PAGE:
Paid leave strengthens the economy
As families struggle to get by with rising expenses such as child care, health insurance and college tuition, along with stagnant incomes, it's important for us to identify policies that we can enact to promote economic security.
One such policy that can improve economic security for working families is paid family leave. The U.S. is the only industrialized nation in the world without it. Since this concept isn't likely to be passed at the national level in the near future, it's important for Minnesota to begin moving toward a system which provides paid family leave.
We can follow in the footsteps of other states such as California, New Jersey, Rhode Island and New York in instituting paid leave. Last session, an insurance-like plan to provide Minnesotans paid family leave — paid for by contributions by both employers and employees of, on average, $89 per year — was included in the Senate version of the tax bill, but unfortunately did not survive.
People are often faced with a difficult choice between caring for a newborn or family member and taking home a paycheck. It is not only a costly economic choice, but also a detrimental one for health and well-being. Research shows that paid maternity leave leads to better outcomes for the child's mental and physical health and improved academic performance. In states with paid leave, research by economists has found that more people take time off, including low-income parents. Paid leave also raises the probability that mothers return to the work force, working more hours and earning higher wages, and reducing unemployment.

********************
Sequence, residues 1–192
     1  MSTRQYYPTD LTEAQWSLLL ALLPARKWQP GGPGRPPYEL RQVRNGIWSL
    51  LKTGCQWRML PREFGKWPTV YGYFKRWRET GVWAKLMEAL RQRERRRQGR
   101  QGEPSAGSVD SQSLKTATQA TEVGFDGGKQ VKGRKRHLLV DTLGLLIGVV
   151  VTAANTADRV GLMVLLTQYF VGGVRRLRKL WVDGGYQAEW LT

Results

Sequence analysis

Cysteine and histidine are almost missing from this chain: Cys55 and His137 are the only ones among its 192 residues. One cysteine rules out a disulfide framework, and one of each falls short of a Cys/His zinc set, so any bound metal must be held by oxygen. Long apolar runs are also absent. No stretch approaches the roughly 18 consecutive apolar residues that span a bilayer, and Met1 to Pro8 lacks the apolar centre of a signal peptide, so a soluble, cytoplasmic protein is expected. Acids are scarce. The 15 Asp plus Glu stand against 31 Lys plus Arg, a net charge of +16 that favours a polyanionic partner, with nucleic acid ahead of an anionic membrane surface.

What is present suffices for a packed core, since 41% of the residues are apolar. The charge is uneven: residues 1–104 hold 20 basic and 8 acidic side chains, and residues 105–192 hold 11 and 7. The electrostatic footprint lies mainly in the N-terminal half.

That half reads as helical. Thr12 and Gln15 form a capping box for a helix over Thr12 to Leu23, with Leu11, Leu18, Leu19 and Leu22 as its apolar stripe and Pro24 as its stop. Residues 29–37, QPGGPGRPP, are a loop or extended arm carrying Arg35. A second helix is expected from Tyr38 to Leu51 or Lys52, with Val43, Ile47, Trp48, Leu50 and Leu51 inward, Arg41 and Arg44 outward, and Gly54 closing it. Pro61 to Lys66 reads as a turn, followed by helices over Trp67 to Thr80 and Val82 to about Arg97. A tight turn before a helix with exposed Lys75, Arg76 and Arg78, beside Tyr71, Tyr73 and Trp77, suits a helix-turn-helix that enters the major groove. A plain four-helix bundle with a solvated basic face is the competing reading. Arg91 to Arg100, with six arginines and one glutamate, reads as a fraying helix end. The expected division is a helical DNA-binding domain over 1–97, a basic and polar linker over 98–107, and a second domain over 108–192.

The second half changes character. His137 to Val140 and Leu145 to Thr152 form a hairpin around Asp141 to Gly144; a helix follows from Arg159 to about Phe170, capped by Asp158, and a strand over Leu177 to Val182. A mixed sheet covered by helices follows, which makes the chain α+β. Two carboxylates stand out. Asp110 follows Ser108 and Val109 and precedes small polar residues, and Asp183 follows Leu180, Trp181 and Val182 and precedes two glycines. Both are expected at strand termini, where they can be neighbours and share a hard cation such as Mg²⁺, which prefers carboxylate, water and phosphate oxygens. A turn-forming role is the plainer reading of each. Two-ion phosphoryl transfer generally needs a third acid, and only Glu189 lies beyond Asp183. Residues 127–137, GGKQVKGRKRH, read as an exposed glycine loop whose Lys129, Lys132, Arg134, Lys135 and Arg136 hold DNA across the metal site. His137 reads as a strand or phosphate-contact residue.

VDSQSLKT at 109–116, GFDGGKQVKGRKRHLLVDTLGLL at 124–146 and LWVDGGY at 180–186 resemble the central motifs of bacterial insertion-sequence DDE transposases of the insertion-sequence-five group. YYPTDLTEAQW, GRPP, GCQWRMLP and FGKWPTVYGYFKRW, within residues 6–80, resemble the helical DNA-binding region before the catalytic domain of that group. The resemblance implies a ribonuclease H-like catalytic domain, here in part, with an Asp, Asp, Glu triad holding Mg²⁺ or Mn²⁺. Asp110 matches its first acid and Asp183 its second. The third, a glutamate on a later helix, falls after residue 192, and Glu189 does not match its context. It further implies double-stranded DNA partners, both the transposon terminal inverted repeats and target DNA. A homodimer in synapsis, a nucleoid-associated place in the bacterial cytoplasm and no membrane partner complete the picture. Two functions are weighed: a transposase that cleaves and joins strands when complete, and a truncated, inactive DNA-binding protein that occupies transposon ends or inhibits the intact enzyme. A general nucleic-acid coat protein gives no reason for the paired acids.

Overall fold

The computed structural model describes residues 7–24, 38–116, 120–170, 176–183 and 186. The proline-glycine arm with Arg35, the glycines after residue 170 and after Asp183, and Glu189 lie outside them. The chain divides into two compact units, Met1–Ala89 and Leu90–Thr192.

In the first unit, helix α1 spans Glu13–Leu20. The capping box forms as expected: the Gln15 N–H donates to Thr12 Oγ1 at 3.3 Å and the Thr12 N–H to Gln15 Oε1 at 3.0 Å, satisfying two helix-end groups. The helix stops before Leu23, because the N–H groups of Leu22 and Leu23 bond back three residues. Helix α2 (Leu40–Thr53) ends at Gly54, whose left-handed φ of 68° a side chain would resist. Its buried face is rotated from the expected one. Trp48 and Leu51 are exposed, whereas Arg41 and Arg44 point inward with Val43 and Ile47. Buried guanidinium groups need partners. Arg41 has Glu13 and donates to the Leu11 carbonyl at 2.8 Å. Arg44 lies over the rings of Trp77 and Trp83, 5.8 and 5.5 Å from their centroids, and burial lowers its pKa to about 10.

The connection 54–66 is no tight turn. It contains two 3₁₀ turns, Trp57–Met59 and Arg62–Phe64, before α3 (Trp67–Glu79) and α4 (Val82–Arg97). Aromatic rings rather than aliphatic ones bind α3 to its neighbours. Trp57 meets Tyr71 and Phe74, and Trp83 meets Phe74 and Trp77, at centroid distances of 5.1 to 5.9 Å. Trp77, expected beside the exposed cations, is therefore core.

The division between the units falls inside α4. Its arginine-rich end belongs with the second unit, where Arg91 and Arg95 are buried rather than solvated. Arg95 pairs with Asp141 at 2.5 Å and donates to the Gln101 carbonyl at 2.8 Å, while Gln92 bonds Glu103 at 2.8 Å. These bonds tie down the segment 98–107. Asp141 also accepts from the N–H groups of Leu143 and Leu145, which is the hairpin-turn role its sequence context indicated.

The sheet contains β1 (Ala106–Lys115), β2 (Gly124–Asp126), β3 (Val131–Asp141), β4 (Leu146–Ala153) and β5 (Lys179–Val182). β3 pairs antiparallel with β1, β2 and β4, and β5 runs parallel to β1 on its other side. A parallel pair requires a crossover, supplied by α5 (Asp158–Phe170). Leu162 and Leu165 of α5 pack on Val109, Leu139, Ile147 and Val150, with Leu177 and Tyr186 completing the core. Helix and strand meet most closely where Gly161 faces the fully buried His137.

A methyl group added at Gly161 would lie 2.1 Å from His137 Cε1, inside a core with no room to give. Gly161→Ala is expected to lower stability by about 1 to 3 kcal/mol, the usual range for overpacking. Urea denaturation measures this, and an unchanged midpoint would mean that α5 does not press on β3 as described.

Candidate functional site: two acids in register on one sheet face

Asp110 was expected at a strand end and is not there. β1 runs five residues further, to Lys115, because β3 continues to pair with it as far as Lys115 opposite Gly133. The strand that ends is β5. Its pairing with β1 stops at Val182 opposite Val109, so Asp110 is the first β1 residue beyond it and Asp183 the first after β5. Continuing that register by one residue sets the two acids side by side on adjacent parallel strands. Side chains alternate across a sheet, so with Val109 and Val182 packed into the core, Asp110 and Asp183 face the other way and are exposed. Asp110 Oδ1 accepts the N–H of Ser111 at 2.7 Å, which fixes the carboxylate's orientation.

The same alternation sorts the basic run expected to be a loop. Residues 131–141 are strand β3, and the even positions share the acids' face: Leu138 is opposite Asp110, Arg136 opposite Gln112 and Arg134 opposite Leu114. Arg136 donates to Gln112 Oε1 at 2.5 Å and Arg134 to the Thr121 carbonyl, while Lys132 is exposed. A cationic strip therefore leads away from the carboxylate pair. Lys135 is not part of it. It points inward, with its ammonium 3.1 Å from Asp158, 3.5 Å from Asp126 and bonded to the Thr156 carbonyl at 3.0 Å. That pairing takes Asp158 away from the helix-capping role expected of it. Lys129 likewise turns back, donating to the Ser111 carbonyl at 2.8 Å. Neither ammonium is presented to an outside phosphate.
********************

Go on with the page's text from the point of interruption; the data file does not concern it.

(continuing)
Research also shows that paid leave policies are not bad for businesses. In California, employers' fears of offering paid family leave have not materialized. According to a report by the Center for Economic and Policy Research, 89-99 percent of employers say it has had no effect or a positive one on productivity, profitability, turnover and morale. Eighty-seven percent say it has not increased costs while 9 percent say they saved money from a decrease in employee turnover.
While U.S. citizens can take advantage of the Family Medical Leave Act, this comes up far short in providing people what they need since it provides 12 weeks of unpaid leave and only half of employees are eligible. In fact, just 11 percent of employees have access to paid family leave through their employer, according to the Bureau of Labor Statistics. Low-income and part-time workers who already struggle to get by are the least likely to be able to afford unpaid family leave, and their children unfairly suffer.
In addition to economic security for individual families, it's important to recognize that our workforce is rapidly changing and most Minnesota children have both parents in the workforce. To ensure a thriving economy, workers should be offered paid family leave.
Child care can no longer be thought of as solely a woman’s issue. It must be considered an economic priority for our work force. Paid family leave is an issue with growing public and bipartisan support, and many employers are already taking steps to provide it, such as Cargill and 3M. While this is certainly great news for workers at these companies, this is something that should be available to everyone, including those working for small businesses.
To ensure all Minnesotans have the chance to experience economic success, we must take steps to even the playing field. A strong paid family leave policy would be one step in that direction. I look forward to working with my colleagues to get this done.